Medieval Writing
What is Paleography?
Monk, reading
Paleography is the art of analysing and reading handwriting. Some would call it a science, and to a degree it has acquired a veneer of scientific style, classification and ordering, but ultimately it involves one human individual attempting to understand the unique efforts at communication of another. This is fundamentally an art, with some scientific props.
Paleography functions at different levels. At its most basic, it is a decoding process which allows a modern student or researcher to read what someone at an earlier time has written, even though the communication code has changed over the centuries. This is the level at which many practical researchers are quite happy to operate. They need to use paleography, not to study it.
Paleography is history in itself. Changes to styles and form of writing over the centuries reflect historical and social change. The content and style of manuscripts mirror the changing concerns of society. The history of writing is a major component of our cultural heritage. Writing as a craft and writing as a communication skill are inseparable in our cultural development.
Paleography as a science can be used for intricate historical tracing. Analyses of the precise mode of delineation of letters, the identification of local script styles or individual scribal hands and the intricacies of punctuation and abbreviation can be used to trace influences across time and space, and even to trace the movements of individuals. It’s fiddly work, but somebody has to do it. (eg. Bishop 1960)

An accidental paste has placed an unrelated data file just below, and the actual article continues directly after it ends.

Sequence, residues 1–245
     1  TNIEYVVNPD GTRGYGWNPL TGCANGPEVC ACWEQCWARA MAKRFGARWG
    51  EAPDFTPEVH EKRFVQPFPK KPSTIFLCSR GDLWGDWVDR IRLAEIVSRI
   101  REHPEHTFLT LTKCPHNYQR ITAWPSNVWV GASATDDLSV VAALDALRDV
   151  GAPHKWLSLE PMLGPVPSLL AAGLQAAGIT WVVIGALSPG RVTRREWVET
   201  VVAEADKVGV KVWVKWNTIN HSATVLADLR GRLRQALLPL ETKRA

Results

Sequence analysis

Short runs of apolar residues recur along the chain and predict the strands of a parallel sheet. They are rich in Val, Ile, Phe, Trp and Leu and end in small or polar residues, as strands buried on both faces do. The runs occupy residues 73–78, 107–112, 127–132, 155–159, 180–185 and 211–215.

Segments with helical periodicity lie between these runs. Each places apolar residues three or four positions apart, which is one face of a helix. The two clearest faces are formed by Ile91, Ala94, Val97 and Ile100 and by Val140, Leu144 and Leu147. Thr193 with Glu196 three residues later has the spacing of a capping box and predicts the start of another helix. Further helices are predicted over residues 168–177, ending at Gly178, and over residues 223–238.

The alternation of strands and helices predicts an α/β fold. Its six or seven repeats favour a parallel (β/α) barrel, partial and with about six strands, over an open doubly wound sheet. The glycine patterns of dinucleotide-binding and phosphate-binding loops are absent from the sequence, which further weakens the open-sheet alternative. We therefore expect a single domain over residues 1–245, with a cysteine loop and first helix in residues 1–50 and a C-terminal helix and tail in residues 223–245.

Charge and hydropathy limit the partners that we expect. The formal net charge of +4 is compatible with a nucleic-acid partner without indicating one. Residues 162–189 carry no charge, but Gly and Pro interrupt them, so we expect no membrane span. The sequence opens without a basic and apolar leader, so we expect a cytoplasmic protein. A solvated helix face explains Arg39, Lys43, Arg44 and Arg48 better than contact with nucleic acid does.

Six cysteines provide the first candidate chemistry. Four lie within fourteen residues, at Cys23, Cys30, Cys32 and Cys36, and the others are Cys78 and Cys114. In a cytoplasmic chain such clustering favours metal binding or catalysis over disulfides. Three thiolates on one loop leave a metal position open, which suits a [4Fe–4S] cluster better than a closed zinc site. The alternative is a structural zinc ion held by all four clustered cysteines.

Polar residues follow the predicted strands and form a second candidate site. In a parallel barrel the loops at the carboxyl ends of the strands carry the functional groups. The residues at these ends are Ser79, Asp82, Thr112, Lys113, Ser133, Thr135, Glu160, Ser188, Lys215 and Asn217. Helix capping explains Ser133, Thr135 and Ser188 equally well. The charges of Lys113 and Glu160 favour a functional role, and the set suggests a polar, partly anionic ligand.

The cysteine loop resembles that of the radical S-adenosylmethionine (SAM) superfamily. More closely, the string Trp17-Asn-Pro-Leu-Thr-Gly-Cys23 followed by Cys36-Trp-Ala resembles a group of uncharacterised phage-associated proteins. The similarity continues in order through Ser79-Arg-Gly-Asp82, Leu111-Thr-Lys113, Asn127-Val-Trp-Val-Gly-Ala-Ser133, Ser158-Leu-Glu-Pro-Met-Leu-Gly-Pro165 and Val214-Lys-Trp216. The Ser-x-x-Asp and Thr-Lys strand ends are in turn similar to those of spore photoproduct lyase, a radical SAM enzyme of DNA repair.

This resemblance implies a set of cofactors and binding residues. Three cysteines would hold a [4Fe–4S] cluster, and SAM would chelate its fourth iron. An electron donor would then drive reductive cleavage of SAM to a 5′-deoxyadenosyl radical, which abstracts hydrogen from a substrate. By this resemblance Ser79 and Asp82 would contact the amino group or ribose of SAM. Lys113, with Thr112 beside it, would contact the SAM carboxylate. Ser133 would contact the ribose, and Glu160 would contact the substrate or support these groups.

Paleography is the precursor to an active and practical skill, calligraphy. Producers of fine hand lettered works study the techniques of the past to emulate them, or develop from them. The art of manuscript is not dead, but it is now confined to a specialised corner of our cultural universe. (Drogin 1980)
A trained calligrapher copies from a medieval model at a Paleography School held at the University of Tasmania in 1996.
If you go along to your library shelves and take down a book with the word “paleography” in the title, you may find it a difficult read. It may be full of intricate detail and minutiae and long verbose explanations. That is the coal face of research. In any field of academia the intimate details of research can seem like the fixations of an obsessive-compulsive. Take a few steps back for a longer view and discover a rich vein of our history and heritage.
History of Scripts

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This site is created and maintained by Dr Dianne Tillotson, freelance researcher and compulsive multimedia and web author. Comments are welcome Material on this web site is copyright, but some parts more so than others. Please check here for copyright status and usage before you start making free with it. This page last modified 12/2/2011.